The weight of blood, stranger, the star that always remains
The weight of blood by Tiffany D. Jackson; Katherine Tegen Books, 406 pages ($18.99) Ages 14 and up.
Acclaimed author Tiffany D. Jackson delivers a brilliant reimagining of Stephen King’s ‘Carrie’ against the harsh 21st century backdrop of persistent racism in the fictional town of Springville, Georgia, in her second horror outing after ‘White Smoke’. ” from last year.
Maddy Washington, daughter of a racist white father and a black woman who abandoned her at birth, has always posed as white – on her father’s orders – taking care never to get her hair wet in public. Ruthlessly bullied as an outcast for her odd ways and tattered clothes, she becomes a bigger target for harassment when an unexpected thunderstorm during gym class “overtakes” her as biracial and a video of college students throwing crayons at her hair is going viral. The resulting public outcry forces the school to hold an integrated prom for the first time, and the white class president urges her black boyfriend, the champion star quarterback, to invite Maddy to the prom.
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Jackson effectively alternates the events leading up to the cruel prank his white classmates play Maddy at the prom with a true-crime podcast years later reflecting on the prom and its deadly aftermath and speculating on the mysteries that remain. Jackson does a masterful job of depicting the racial background, the town’s racist roots, Maddy’s dad’s unholy mix of white supremacy and biblical quotes, and Kendrick’s rocky relationship with his white football buddies.
Stranger by Katherine Applegate, illustrated by Charles Santoso; Feiwel and Friends, 288 pages ($16.99) Ages 8-12.
Katherine Applegate, who won the Newbery Medal for ‘The One and Only Ivan,’ delivers pathos and humor in this wonderful tale, in verse, written from an otter’s perspective and inspired by a Monterey Aquarium program Bay who uses mature otters as surrogates to care for orphaned pups.
The story opens with 3-year-old Odder, who dives and plays and hunts for food with a friend before heading to the unprotected waters of Monterey Bay, California, where they have a fateful encounter with a large White shark. With economy of words and beautiful lyricism, Applegate paints a striking picture of this underwater world: “Underwater / There’s no need for noise, / Growls, squeals or chirps. / Not when you can twist, pretzel and weave. / Not when you’ve turned frolic into art.” Her observations are often hilarious: She notes that the otter needs to eat a quarter of its body weight each day, “like a marathon runner stuffed with carbs,” because it doesn’t have the “swaddled fat” of a seal or of a whale. The teenage shark is “a marine tween”. Charles Santoso’s wonderful illustrations bring Odder and his underwater world to life on the page.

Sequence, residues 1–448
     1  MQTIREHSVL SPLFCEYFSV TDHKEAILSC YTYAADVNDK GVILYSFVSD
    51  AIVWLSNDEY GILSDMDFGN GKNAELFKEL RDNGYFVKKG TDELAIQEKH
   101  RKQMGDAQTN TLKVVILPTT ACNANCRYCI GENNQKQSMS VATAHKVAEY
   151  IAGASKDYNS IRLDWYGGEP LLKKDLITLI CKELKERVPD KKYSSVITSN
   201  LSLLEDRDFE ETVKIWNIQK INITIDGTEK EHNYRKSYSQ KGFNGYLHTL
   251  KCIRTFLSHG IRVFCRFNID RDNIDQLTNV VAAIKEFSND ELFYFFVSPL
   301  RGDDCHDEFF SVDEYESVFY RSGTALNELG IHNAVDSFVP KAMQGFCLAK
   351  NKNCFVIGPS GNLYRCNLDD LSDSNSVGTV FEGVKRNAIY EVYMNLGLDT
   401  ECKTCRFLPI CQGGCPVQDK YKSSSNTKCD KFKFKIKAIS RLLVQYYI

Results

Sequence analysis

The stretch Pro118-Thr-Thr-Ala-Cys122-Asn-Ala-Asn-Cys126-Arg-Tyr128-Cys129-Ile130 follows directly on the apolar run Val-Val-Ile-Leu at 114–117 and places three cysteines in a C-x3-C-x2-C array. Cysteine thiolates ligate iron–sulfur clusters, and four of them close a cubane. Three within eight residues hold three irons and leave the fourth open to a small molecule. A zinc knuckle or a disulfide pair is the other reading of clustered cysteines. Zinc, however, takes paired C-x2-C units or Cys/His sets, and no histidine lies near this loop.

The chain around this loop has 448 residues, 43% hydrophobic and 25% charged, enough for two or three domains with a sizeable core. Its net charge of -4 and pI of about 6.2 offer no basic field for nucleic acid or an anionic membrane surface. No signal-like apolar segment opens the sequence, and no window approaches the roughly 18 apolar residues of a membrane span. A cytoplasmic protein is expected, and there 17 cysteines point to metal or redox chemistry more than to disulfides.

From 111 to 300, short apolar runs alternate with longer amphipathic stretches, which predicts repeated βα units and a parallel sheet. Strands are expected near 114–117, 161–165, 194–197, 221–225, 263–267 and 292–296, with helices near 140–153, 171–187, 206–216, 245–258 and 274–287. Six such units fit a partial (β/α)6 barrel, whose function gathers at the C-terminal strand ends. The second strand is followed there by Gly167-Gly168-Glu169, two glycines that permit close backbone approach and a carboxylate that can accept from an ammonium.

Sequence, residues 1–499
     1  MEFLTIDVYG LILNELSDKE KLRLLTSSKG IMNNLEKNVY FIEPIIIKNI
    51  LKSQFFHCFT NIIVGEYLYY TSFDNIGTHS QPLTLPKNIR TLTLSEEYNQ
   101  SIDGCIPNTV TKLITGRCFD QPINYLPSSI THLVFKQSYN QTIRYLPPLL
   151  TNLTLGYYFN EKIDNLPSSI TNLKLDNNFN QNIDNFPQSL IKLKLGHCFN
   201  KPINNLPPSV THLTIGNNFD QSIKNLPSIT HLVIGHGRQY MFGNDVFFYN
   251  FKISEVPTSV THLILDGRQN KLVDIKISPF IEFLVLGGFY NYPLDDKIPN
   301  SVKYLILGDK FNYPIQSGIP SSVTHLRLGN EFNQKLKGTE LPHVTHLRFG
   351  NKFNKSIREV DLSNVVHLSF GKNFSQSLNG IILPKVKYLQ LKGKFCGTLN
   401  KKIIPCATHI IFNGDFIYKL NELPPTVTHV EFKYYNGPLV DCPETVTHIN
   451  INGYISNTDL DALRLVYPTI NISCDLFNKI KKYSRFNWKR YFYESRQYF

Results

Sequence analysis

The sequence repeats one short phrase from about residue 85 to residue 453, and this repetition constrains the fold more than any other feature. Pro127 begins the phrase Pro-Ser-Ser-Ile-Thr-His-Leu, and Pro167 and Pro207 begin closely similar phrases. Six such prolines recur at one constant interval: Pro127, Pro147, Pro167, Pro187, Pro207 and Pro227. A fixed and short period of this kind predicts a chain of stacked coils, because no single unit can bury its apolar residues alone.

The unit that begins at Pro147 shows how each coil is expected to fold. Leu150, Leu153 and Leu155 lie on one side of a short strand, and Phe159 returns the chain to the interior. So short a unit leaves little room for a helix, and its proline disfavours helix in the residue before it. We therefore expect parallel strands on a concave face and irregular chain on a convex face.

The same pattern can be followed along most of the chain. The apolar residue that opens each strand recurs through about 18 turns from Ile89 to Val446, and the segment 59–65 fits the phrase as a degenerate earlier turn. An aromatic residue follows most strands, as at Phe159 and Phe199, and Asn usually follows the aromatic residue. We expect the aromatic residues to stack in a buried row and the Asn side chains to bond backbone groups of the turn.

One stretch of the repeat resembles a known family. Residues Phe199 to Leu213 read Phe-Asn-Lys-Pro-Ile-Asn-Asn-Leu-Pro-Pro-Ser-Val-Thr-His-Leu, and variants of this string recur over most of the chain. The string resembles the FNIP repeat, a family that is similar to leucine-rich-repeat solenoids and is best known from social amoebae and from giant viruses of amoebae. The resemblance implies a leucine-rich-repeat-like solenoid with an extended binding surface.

The star that always remains by Anna Rose Johnson; Vacation Home, 271 pages ($17.99) Ages 9-12.
Inspired by her great-grandmother’s life story, Ojibwe author Anna Rose Johnson has penned a charming debut novel, set in 1914 and intentionally reflecting the sensibility of another era, a sweet and old-fashioned in the vein of “Little Women” or “Anne of Green Gables”.
Norvia Nelson, 14, grew up on Beaver Island in Lake Michigan, steeped in the traditional customs of her mother’s Ojibwe people. Her father, a Swedish immigrant, is a bitter man with a gambling problem who tells the children they should be ashamed of their native heritage. After his parents divorce, his mother marries a kind widower with two married daughters and a young son and the Nelson children move to Boyne City where his mother warns them never to reveal their Ojibwa heritage.
Norvia is thrilled to be able to go to high school but dismayed to find that old friends are avoiding her because her parents are divorced. Alternating chapters return to Norvia’s childhood on Beaver Island and her Ojibwe traditions.
The author offers a sensitive exploration of Norvia’s worries about fitting in with her blended family, her struggle to make friends, her interest in boys, her determination to prepare for a career as an accountant, and her struggle to manage her emotions. negative as she faces prejudice. as a child of divorce and for his Ojibwe heritage. Family photos are included at the end.